For decades, the issue of cultural property illegally removed from its original context has fuelled global debate, which has heated up since public opinion turned the spotlight on prestigious Western collections holding treasures from countries that now claim ownership. Alexander Herman gives us a wide-ranging and up-to-date overview of the most controversial cases, such as the ongoing dispute over the Parthenon marbles or the partial repatriation of the Benin bronzes, not to mention the objects stolen from the Summer Palace in Beijing and paintings requisitioned by the Nazis.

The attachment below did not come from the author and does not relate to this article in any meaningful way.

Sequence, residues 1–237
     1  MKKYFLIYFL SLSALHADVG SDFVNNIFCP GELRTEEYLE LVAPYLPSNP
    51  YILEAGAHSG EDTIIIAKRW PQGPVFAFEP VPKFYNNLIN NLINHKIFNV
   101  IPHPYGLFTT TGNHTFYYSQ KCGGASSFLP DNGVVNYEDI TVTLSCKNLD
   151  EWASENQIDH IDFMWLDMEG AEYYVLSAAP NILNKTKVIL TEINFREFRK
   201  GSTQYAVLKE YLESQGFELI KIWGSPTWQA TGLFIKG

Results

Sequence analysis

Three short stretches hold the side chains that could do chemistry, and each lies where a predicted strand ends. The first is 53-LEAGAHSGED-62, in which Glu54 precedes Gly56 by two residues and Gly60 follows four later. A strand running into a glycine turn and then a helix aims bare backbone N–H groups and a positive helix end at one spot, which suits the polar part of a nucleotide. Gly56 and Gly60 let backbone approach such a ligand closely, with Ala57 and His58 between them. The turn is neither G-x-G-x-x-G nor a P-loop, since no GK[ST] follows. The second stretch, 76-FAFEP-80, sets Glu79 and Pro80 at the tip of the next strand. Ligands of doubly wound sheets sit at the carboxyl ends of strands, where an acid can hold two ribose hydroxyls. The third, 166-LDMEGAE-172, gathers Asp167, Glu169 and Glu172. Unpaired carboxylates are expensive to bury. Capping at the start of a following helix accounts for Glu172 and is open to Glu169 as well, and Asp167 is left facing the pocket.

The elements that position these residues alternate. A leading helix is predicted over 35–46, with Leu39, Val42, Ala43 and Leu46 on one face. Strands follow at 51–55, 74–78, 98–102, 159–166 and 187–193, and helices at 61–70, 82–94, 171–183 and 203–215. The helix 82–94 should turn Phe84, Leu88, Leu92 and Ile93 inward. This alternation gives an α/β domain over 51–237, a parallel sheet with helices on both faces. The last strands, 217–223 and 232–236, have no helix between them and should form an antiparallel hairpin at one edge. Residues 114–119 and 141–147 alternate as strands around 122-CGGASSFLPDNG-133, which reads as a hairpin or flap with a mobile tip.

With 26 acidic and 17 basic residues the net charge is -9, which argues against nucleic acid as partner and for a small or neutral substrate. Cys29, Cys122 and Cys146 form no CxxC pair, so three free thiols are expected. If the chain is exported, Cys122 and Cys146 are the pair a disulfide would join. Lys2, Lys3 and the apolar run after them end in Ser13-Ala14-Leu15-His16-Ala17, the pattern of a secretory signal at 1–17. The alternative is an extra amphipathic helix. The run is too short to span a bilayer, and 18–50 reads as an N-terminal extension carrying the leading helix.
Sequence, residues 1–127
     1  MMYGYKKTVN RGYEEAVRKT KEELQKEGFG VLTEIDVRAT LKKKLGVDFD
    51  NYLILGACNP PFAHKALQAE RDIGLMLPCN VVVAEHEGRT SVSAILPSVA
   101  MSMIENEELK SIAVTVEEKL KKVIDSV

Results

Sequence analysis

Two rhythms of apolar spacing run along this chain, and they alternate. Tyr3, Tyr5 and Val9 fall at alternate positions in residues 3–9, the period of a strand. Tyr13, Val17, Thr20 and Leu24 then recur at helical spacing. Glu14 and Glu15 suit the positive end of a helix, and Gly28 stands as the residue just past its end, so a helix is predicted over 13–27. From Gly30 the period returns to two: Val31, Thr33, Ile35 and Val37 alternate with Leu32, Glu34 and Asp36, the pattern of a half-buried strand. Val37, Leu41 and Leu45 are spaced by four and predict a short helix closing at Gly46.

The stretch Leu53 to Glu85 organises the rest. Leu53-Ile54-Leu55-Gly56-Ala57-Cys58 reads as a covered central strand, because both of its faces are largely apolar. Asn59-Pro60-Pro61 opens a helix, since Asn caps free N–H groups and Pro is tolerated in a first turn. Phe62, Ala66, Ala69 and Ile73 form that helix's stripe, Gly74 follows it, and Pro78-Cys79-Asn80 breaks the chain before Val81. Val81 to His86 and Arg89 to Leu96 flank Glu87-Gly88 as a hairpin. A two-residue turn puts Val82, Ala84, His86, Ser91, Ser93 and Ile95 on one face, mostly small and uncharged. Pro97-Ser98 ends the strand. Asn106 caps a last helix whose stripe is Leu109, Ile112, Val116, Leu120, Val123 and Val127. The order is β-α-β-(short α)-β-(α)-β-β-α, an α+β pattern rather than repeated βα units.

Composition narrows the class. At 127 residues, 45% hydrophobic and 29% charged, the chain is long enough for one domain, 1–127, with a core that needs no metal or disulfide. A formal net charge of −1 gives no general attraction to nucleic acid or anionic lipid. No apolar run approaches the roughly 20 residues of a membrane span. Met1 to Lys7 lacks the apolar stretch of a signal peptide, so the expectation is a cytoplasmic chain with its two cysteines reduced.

Restitution is more complex than it seems, not only because it forces us to come to terms with the abuses perpetrated by our forebears, but also because applying a contemporary idea of justice to instances of the past can have an unforeseen cost. It is now deemed unacceptable for symbols of a religious cult wrested from indigenous communities to be on display in the museums of the “predators”. But in many cases these are artifacts that have been part of their collections for centuries; indeed, some of them have acquired an enormous cultural, and even financial value for the institutions that house them, and they may be unwilling to give them up. While deliberating on how restitutions can be negotiated, this volume also questions the paradigm shift we have entered into: our obsession with rectifying past injustices could have an irreversible impact on the cultural sector for years to come.